Are you prepared for year-end 401(k) deadlines?

As we approach the end of the year, now is a great time to ensure you’re getting the most out of your 401(k) plan. There are several opportunities to expand your savings, potentially minimize your taxes, and set yourself up for success in 2023. 

What is a 401(k)?

The 401(k) is the most popular type of retirement program offered through an employer. A traditional 401(k) is a type of defined contribution retirement savings plan, which means that employees decide how much to contribute to their account, and contributions are taken out of their paychecks before income taxes are calculated, giving them immediate tax savings. Alternatively, employees can save using a Roth, on an after-tax basis, with the idea that they’ll save on taxes when withdrawing down the road. 

Once in the plan, 401(k) contributions can be invested in a mix of stocks, bonds, and cash, often through mutual funds or ETFs. These accounts, aimed toward long-term investing, tend to grow in value over time due to compounding earnings (when your money starts to make money), and employees are generally able to access the funds without penalty when they reach the age of 59½.  

2022 max 401(k) contributions and deadlines 

The maximum amount an employee can contribute to their 401(k) in 2022 is $20,500. Employees aged 50 years or older are able to contribute an additional $6,500 to their plan in the form of a catch-up contribution. Remember that unlike an IRA, employees must make contributions by Dec. 31 through their payroll. There is not generally a way to make 2022 deposits after the year ends. (IRAs can be funded up until April 15 and can be funded directly from checking and savings accounts.)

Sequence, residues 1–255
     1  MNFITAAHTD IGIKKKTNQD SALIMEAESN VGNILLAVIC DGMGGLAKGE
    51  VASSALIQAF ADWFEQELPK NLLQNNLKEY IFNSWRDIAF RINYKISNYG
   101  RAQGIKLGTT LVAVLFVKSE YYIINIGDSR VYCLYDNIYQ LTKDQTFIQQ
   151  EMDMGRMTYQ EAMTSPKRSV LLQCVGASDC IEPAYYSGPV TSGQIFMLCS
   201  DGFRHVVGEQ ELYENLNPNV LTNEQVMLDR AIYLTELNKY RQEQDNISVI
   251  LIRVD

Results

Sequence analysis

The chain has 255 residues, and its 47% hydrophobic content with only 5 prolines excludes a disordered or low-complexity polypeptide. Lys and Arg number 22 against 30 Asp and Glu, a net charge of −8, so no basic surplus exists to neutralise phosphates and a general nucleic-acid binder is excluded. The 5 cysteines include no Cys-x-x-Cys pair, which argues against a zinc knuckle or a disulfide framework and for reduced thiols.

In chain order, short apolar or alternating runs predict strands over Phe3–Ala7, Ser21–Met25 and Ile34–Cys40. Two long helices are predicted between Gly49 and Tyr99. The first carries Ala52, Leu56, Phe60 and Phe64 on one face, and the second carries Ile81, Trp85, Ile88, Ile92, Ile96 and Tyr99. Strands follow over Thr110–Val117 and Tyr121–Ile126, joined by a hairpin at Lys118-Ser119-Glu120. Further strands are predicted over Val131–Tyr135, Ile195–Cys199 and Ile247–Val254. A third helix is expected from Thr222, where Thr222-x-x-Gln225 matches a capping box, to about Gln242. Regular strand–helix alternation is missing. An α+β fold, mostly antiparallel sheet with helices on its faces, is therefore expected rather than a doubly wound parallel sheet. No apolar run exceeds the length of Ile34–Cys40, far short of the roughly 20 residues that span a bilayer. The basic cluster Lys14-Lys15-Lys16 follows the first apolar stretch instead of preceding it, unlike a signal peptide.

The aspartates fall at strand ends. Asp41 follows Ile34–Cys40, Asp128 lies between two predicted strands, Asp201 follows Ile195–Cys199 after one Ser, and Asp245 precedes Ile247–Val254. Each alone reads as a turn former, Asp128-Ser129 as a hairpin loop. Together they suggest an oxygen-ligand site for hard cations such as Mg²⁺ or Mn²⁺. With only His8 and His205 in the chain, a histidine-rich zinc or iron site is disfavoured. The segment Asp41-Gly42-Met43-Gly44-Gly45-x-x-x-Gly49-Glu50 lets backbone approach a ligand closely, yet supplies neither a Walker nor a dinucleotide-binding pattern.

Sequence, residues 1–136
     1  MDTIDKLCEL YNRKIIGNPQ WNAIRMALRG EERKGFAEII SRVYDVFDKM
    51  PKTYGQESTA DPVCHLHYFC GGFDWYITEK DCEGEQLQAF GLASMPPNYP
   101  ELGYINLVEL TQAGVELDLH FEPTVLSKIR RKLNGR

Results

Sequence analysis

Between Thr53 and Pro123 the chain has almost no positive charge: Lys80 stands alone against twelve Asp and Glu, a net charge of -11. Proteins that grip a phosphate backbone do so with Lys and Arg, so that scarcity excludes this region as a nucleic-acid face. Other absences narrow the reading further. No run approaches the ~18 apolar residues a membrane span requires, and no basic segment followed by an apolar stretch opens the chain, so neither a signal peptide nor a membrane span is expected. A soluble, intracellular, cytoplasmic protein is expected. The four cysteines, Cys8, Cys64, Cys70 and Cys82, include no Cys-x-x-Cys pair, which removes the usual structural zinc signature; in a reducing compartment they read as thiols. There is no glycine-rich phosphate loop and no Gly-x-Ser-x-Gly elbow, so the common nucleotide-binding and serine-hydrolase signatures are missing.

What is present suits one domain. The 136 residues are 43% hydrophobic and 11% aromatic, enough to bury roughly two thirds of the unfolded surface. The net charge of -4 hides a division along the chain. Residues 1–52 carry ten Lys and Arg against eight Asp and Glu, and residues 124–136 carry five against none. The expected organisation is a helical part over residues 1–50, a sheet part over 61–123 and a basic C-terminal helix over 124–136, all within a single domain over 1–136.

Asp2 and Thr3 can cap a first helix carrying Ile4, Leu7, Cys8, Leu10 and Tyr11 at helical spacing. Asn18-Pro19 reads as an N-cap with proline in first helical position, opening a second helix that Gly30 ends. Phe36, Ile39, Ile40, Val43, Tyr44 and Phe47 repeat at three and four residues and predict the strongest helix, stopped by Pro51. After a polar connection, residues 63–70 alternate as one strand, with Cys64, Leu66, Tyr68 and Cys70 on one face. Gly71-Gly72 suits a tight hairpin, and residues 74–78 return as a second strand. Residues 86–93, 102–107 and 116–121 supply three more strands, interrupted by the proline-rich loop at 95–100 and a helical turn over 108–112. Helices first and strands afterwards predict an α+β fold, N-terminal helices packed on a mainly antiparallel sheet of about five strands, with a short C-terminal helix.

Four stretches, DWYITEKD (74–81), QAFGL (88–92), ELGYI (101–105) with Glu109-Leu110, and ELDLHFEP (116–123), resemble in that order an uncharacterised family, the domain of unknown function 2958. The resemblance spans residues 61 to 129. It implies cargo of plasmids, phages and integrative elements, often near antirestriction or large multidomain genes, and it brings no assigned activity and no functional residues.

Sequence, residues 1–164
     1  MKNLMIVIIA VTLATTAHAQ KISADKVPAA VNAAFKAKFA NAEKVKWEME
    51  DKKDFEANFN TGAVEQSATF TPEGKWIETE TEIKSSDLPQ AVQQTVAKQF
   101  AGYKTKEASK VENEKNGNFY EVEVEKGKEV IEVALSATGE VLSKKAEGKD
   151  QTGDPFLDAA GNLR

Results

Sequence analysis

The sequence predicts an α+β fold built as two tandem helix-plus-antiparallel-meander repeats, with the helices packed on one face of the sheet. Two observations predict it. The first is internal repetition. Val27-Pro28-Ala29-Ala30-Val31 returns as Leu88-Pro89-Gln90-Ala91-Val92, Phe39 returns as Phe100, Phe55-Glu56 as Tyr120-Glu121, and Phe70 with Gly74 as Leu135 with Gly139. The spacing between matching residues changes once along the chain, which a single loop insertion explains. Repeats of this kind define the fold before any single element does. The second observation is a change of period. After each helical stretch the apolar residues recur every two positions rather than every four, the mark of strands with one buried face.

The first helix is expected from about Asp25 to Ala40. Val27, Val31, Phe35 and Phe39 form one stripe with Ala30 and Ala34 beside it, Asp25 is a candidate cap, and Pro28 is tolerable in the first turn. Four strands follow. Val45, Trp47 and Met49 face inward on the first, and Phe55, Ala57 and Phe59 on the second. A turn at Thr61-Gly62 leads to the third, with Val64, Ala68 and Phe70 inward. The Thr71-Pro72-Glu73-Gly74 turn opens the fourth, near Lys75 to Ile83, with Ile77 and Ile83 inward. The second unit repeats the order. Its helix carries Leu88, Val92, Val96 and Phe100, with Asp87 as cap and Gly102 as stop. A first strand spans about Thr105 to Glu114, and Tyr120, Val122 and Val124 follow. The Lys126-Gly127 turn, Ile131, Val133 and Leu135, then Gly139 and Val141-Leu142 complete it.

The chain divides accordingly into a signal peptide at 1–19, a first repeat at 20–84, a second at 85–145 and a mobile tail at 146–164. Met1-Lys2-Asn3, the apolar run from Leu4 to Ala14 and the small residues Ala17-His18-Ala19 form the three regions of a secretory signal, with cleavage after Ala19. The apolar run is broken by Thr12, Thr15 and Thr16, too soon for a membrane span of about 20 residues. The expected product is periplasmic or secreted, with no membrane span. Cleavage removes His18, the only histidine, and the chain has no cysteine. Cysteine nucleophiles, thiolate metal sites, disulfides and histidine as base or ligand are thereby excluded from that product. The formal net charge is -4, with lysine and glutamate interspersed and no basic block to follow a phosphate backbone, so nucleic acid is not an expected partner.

Read: The secret to a happier retirement might be in your ‘retirement quotient’

Ways to increase your retirement saving

To ensure you have enough saved for retirement, it’s important to review how much you can contribute to your 401(k) annually and consider how to maximize these savings. Choosing a savings rate by a rule of thumb, like 10-15% of your salary, is a great place to start, but as you get further into your savings journey, you’ll want to consider checking in with an adviser or retirement planning tool to ensure you’re on track to meet your expectations. You can jump-start or give a boost to 401(k) savings by asking if you can defer a healthy portion of any end-of-year bonus you receive before Dec. 31, 2022. 

It’s important to also make sure that you’re taking advantage of any matching contributions offered by your employer; this is a great time to connect with your employer and ensure you’re receiving the maximum amount possible for 2022, and you’re set up to make the most of the match, if applicable, next year. 

Read: These are the three financial areas to sort out in the year before you retire

2023 contribution planning 

The 2023 contribution limit for 401(k)s has increased to $22,500, offering employees additional room to save for their futures. Those who are age 50 and older in 2023 are able to contribute an additional $7,500 in catch-up contributions. 

Prepare now by asking your employer if you have the ability to automatically set your contributions to increase each year, even better if you can time these automatic increases with your company’s typical raise timing: that way you can automatically increase your savings and still get a bump in your take-home pay. Slight increases can have a great impact on your savings, and if done over time, it will not feel as extreme as starting later in life with higher contribution rates. 

Saving for retirement through a 401(k) is an excellent way to set yourself up for success and take advantage of additional funds offered through your employer. Once you’ve maxed out your 401(k) there are several other savings vehicles available for retirement, health, and education. Consider working with your employer’s retirement plan adviser to determine the best next savings options for you for this year and beyond. 

Amy Ouellette is vice president at Vestwell, a digital 401(k) record-keeper.